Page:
Imagine: three weeks before a national election, a newspaper with ties to the incumbent publishes emails purporting to be from the son of the challenger in the race. The news outlet makes no attempt to verify the authenticity of the emails, which, even if genuine, do not actually show wrongdoing, so the outlet insinuates wrongdoing without evidence. If you heard about it happening in Eastern Europe you would dismiss it as an obvious case of political information warfare. But what happens when the election is the U.S. presidential race and the incumbent is Donald Trump?
On Wednesday, cybersecurity professionals, disinformation experts, and lawmakers urged journalists to be careful in their coverage of a “bombshell” New York Post story aimed at Democratic presidential candidate Joe Biden.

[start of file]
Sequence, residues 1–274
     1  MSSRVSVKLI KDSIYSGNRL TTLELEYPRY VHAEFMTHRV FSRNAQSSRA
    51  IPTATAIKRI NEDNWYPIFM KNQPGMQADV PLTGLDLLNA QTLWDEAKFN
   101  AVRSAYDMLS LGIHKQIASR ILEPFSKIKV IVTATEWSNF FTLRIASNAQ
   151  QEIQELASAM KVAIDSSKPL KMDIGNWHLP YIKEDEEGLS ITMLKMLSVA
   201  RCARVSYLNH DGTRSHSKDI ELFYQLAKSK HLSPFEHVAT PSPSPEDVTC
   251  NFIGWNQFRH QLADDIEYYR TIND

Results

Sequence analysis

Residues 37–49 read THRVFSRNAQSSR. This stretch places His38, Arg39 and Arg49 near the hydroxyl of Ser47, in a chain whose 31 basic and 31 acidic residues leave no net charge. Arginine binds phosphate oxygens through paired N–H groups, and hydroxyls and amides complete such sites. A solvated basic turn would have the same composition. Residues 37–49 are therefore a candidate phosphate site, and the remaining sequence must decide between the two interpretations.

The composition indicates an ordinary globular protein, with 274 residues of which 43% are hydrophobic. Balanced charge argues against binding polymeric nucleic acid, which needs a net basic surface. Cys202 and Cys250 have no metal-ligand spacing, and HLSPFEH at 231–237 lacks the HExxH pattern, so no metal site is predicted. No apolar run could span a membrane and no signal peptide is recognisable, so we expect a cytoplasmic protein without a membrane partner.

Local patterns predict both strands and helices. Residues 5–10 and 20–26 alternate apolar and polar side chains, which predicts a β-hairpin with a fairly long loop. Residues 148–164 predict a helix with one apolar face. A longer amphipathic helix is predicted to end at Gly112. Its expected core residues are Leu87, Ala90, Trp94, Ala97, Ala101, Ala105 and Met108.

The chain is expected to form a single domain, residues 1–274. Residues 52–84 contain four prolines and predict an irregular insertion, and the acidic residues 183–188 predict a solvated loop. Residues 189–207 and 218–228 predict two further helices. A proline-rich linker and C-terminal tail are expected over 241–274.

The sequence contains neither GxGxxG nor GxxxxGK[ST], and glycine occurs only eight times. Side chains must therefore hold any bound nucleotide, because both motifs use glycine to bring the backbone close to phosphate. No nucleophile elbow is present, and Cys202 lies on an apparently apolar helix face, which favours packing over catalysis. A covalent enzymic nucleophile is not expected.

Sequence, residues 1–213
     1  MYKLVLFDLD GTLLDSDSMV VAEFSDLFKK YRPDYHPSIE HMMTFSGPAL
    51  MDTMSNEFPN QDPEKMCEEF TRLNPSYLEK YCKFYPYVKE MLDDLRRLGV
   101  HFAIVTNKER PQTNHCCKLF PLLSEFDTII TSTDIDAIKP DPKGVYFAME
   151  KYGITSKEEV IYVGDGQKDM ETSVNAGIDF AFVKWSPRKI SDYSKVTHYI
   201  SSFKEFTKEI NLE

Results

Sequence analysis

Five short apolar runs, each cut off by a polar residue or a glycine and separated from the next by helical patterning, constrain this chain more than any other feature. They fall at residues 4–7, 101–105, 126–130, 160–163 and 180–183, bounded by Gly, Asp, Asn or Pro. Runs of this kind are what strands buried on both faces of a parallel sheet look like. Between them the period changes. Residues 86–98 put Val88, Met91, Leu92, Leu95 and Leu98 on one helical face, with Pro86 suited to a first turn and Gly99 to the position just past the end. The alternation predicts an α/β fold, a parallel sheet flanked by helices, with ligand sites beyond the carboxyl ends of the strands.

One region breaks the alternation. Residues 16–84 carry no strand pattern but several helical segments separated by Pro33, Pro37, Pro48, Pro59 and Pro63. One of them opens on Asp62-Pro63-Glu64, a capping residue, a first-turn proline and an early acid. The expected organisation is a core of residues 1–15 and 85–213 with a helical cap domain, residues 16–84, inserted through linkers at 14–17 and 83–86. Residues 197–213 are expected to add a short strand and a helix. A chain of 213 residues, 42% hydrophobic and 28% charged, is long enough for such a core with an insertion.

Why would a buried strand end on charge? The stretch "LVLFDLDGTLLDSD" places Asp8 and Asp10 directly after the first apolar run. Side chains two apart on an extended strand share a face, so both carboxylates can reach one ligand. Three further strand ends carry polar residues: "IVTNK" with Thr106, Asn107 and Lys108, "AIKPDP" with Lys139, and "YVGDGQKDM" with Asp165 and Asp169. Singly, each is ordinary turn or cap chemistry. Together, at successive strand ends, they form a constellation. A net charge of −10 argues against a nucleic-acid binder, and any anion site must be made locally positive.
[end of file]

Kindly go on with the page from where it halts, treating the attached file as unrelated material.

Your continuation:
The Post story claims that newly discovered emails show — in the face of widely available evidence to the contrary — that Hunter Biden helped persuade his father, then-Vice President Joe Biden, to push Ukraine to fire prosecutor Viktor Shokin for anti-corruption efforts. In fact, Biden sought Shokin’s firing because the Ukrainian was blocking anti-corruption efforts.
The provenance of the emails themselves is, to put it mildly, dubious. The Post story states that they come from a water-damaged laptop that was “dropped off at a repair shop in Biden’s home state of Delaware in April 2019, according to the store’s owner.” The owner made a copy of the hard drive, turned the computer over to the FBI, but then inexplicably gave copies